Creating distinct characters is always a challenge in a one-person show, so here’s a quick cheat sheet for figuring out exactly who Eliana Lopez is portraying at any moment during What Is the Scandal? / ¿Cuál es el Escándalo?
Lopez: Slinky black pantsuit, loose hair, possibly salsa dancing.
Mama Lopez: Straw hat.
Grandpa Lopez: Creaky voice, different hat.
Sheriff Ross Mirkarimi: Glasses and gringo accent spoken … very … slowly. Hat budget presumably depleted at this point.
Mr. Lie: Fake mustache, glasses, squint. Calls Mirkarimi “Macaroni.” Also the mayor.
[jump] Scandal, playing at the Mission Cultural Center For Latino Arts, is Lopez’s version of what happened in 2012, when her husband was charged with domestic violence just days after being sworn in as sheriff, and the ensuing City Hall hand-wringing. It has just one star — Lopez — and was directed and written by her brother, Alfonso Lopez.
Presumably for legal reasons, the bilingual production (with subtitles on a screen behind the stage) is preceded by a notice warning that all characters are entirely fictitious. Add the overly broad characterizations for the baddies in the story, which Lopez says are composites of real characters and activist groups, and it’s even harder to swallow as a definitive account of what really happened in 2012. Mr. Lie is hilariously crooked as he orchestrates Mirkarimi’s ouster, while the neighbor whom Lopez allows to videotape a bruise on her arm is a manipulative liar who calls Venezuelans “savages.”
The other characterizations are overly broad, as well — Mirkarimi is Robin Hood by the Bay, and apparently so strapped that Lopez’s pregnancy eating habits strain his finances to the breaking point. (Was she eating truffle ‘n’ gold flake sundaes?). As for the infamous bruise, Lopez acts out the argument in which Mirkarimi grabs her arm — but it’s only because he’s terrified by Lopez’s suggestion that she take their son to (apparently dangerous) Venezuela for the holidays, plus his own childhood abandonment issues.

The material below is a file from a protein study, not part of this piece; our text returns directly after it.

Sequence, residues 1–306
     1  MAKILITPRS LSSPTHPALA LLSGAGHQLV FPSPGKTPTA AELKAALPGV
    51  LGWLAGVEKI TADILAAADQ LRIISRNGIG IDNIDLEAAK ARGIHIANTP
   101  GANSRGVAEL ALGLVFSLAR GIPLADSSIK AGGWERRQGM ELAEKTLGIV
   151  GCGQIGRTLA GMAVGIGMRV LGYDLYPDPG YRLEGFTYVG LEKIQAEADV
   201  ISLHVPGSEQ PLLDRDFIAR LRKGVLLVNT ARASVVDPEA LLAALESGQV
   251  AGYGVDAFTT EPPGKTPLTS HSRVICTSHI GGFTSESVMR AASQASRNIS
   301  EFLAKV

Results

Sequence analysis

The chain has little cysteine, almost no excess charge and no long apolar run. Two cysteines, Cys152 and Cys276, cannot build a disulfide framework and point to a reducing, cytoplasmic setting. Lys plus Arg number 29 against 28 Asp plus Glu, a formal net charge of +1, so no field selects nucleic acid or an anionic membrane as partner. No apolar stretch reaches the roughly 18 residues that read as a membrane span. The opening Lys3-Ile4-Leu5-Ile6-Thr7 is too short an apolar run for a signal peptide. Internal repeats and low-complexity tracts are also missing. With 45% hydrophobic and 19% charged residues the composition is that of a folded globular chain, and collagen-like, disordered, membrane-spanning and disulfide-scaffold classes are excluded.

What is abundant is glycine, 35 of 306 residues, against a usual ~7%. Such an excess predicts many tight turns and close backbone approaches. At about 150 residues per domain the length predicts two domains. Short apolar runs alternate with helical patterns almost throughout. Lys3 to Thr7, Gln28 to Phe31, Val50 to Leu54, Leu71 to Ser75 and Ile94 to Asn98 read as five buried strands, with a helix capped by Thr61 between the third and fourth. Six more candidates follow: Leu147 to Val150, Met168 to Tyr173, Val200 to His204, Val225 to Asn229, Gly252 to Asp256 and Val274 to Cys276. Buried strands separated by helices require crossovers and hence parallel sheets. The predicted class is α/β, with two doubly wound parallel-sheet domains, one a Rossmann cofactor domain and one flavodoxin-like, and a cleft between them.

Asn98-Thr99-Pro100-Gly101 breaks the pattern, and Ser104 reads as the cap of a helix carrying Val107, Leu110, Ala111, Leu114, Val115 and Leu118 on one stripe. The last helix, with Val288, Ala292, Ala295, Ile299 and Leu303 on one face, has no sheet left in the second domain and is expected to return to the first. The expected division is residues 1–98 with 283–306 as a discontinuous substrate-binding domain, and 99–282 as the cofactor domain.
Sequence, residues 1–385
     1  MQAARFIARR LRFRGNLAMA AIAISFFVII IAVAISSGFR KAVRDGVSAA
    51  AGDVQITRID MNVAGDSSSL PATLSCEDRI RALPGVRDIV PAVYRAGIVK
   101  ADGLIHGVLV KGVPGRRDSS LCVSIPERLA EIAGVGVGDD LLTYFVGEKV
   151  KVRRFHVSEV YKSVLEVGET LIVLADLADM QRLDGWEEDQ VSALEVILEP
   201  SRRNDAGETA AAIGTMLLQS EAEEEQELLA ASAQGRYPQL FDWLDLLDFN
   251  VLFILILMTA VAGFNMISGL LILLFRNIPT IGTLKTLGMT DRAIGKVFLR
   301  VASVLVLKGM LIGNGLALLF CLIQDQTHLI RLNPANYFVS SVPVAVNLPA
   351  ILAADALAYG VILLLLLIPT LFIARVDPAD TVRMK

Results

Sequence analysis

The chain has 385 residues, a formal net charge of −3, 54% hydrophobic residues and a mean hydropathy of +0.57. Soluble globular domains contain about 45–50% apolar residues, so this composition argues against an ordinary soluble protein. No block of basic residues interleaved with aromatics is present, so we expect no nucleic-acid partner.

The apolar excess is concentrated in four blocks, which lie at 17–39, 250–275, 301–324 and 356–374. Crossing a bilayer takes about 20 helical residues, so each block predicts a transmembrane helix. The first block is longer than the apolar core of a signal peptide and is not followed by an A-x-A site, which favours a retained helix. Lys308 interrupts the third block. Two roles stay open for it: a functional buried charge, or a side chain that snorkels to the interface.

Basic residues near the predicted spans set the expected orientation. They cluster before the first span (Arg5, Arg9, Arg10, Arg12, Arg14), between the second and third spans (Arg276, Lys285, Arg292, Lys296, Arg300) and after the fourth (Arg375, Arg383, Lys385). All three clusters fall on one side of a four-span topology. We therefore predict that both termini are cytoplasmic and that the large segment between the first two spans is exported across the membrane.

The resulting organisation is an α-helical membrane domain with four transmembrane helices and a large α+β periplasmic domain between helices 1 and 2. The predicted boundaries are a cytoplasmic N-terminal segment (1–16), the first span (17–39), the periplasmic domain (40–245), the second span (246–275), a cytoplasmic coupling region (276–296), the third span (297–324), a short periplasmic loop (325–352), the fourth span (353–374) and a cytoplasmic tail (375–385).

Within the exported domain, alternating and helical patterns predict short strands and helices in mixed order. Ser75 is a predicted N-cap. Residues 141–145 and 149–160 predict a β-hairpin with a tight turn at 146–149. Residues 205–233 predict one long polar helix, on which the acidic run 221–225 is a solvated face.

Scandal won’t clear up what really happened in that car — or what’s really going in Lopez and Mirkarimi’s marriage — and the broad strokes don’t shed any light on City Hall's inner workings. What Scandal does shed light on, however, is Lopez’s own feelings. Her indecision about leaving her native Venezuela is very real (a character notes that Latinos have a hard time here, which is true), and her loneliness as a pregnant newlywed longing for her family’s Christmas celebrations is palpable. Her anger is also apparent as what she calls a minor spat turns into a citywide crisis and Mirkarimi is forbidden to see his family.
Lopez — who made her name in the National Theatre Company of Venezuela and later in soap operas — argues, in essence, that sometimes private family arguments should stay just that: private. It’s food for thought. But when 64 percent of female assault victims are hurt by their intimate partners (it’s 16 percent for men, CDC says), it’s hard to draw a line. In any case, you only have another week to see Lopez rotate among a bunch of characters using hats and glasses.
What Is the Scandal? / ¿Cuál es el Escándalo?, Fridays, Saturdays, and Sunday through June 7, at Mission Cultural Center for Latino Arts, 2868 Mission St., 415-821-1155.